At a time when archaeology is trying to make itself more and more engagement and relevant to our society, it is decisively ridiculous for archaeologists to turn on the public – including generations of school kids as well as teachers and other visitors – and treat them as simply displaying ‘morbid curiosity’ unless they work hard to demonstrate a higher, more worthy, interest in human remains by attaining degrees and donning white coats. Conversely, not only would I argue that morbid curiosity is enhanced by, and satisfied by rich, varied and detailed displays of human remains and mortuary contexts in museums and heritage sites that connect people to life, dying and death in the human past, as well as make them reflect on mortality, disease, disposal methods and commemorative practices in the present. I would go further still and suggest that ‘morbid curiosity’ should be embraced – and indeed partly as a form of voyeurism – to look, to enquire, to encourage us to spy upon past lives and past deaths. This fascination with the deaths of others needn’t be negative. Instead, for children and adults, it can be an integral part of why people show interest in mortuary archaeology. Let’s stop being snobs at the very time we are espousing public engagement with all facets of archaeology. Let’s start focusing on the power and value of morbid curiosity, rather than treating an interest in dying, death and the dead as revealed by archaeological methods and techniques as aberrant and/or deviant.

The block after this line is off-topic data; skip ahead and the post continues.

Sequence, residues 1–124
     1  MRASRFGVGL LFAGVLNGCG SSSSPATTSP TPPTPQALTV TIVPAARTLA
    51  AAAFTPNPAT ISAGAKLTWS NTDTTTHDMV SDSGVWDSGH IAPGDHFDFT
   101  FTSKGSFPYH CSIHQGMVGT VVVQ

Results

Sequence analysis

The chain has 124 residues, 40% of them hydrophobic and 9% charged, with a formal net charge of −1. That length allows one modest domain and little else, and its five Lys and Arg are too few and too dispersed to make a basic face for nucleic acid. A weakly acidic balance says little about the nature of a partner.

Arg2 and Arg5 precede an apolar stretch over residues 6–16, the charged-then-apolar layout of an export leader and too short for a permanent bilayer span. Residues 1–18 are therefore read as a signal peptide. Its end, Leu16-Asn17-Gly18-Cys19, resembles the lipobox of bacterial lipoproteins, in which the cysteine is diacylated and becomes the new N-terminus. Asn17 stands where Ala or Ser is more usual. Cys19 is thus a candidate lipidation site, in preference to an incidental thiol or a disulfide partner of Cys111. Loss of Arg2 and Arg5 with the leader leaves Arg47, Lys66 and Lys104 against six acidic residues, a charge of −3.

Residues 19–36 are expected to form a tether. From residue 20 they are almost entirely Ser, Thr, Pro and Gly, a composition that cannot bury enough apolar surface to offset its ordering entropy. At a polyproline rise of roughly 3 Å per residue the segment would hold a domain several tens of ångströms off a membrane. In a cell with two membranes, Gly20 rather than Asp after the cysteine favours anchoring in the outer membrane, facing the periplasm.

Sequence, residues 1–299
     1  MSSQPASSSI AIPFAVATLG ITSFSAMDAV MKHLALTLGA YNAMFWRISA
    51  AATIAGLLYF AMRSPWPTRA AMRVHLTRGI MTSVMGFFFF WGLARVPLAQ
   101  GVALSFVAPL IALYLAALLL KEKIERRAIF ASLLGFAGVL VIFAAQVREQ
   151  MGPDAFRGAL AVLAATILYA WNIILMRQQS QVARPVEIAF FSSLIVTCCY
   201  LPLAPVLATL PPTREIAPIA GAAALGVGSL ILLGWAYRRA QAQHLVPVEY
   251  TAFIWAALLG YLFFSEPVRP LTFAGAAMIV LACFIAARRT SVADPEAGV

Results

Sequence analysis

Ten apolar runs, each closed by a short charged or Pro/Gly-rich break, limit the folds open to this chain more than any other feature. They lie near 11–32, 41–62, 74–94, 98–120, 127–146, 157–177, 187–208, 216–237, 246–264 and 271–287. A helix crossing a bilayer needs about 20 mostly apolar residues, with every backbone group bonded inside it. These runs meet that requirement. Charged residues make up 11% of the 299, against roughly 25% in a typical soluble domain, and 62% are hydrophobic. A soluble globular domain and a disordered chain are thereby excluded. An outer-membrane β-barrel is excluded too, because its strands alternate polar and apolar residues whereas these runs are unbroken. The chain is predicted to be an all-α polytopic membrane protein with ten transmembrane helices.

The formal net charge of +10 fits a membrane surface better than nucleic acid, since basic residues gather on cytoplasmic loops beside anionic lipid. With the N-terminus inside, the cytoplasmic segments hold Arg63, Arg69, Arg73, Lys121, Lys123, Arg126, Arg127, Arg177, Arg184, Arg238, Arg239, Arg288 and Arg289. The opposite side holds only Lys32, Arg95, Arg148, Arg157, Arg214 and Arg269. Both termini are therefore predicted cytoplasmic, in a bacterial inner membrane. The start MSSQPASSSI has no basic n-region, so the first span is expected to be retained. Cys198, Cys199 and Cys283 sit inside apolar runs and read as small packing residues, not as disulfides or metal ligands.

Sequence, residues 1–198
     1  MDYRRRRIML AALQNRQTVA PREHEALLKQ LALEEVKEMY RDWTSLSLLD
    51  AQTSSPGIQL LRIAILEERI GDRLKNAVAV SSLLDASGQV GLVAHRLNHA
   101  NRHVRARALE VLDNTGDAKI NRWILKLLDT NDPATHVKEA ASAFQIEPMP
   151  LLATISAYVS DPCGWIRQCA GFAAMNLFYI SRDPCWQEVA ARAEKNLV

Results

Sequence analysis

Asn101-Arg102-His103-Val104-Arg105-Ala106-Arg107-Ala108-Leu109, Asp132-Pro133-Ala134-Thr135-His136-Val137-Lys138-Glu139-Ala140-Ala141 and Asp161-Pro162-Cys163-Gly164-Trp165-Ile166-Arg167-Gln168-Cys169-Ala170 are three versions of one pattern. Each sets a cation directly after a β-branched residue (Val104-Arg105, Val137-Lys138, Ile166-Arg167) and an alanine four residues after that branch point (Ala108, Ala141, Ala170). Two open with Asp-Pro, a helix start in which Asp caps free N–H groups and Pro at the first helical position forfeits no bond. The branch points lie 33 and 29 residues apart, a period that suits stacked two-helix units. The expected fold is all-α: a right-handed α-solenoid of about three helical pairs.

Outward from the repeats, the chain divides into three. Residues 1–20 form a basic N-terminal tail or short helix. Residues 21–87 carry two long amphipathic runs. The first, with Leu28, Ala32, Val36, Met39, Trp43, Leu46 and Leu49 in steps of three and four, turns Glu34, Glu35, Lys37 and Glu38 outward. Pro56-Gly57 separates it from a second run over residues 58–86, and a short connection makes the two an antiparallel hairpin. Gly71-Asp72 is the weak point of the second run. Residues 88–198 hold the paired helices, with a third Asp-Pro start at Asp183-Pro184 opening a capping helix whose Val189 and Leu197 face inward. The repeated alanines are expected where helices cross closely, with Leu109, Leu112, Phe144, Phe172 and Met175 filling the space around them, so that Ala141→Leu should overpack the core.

Did curiosity ever kill the corpse? No, curiosity has never killed a corpse. The corpse is already dead. What damages mortuary archaeology and its goals and aspirations to reveal the human past as well as to be relevant to and inform contemporary people about disease, dying and death is not interest in mortality. We should foster public engagement and debate as well as high-quality mortuary research. This is not inherently disrespectful!